Obama: Government didn't drop the ball on Boston

Members of law enforcement agencies, survey the perimeter near the home of Dzhokhar A. Tsarnaev in Watertown, Mass., April 19, 2013.
Jared Wickerham/Getty Images

President Obama on Friday once again defended the federal government's handling of the Boston bombing suspects prior to last month's attacks at the Boston Marathon, saying in an interview with Univision, "I don't think it's fair to say...that law enforcement quote-unquote 'dropped the ball.'"

In the wake of the April 15 bombings that killed 3 and injured over 250 more, some lawmakers expressed concern that federal law enforcement agencies ignored critical red flags about the two suspects, Tamerlan and Dzhokhar Tsarnaev, allowing the two men to slip through the cracks of the nation's counterterrorism and intelligence networks.

The president explained that there are limits to what federal law enforcement agencies are able to investigate. "I think this is a very difficult challenge when you have individuals who are self-radicalizing. They're not part of some massive conspiracy or network," Mr. Obama said from Mexico, where he was on the second day of his three-day trip in Latin America. "The FBI followed up on them, but the FBI can't arrest someone just because of a rumor. That's part of our system of law."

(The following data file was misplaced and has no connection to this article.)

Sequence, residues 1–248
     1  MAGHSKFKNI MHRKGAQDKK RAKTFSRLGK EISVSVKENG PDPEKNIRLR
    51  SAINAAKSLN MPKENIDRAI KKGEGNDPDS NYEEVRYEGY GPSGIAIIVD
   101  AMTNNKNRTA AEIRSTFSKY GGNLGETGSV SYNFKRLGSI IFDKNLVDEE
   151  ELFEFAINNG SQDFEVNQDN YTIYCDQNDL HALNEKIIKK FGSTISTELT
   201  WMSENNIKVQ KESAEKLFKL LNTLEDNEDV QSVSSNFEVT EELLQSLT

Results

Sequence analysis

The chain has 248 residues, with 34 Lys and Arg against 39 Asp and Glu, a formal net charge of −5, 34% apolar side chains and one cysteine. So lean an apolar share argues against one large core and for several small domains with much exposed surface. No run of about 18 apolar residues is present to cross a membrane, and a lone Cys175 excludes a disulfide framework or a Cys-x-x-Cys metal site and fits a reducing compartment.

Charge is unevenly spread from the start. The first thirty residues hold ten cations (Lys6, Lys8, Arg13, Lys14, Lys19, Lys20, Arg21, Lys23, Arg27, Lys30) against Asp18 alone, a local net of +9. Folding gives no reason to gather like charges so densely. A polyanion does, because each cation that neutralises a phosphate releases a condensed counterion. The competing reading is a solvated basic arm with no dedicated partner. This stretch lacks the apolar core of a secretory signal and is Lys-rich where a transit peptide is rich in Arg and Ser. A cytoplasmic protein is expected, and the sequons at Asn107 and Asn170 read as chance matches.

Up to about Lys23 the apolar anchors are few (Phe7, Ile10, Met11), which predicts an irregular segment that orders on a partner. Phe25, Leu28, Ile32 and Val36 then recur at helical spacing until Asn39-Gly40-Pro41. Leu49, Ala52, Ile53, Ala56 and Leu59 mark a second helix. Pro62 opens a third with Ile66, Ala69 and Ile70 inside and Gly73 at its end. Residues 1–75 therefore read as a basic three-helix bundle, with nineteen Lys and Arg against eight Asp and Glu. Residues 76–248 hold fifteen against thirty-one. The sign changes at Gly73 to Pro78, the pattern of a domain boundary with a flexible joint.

"One of the challenges if we're going to be an open society," Mr. Obama continued, "is that there are going to be times when individuals decide they're going to cause harm."

What we can do, the president said, is learn from our mistakes: "I think we can continue to improve and refine how we're engaging in countering terrorist activity. As I said, we're seeing a review of everything that happened. I will be making sure that we' re following follow up on any additional improvements that can be made."

In the interview, the president also addressed border security, touching on efforts to combat drug trafficking and the ongoing congressional push for comprehensive immigration reform.

The U.S. and Mexico, the president said, "are committed to [working] together to make sure that we are building the infrastructure and the systems that allow for a well-regulated border."

"If we do that, that's going to be good for our economy and it's also going to be good for stemming illegal immigration," the president added, "and it's also going to be good for us catching and apprehending criminals, whether they're smuggling people or they're smuggling drugs or they're smuggling weapons."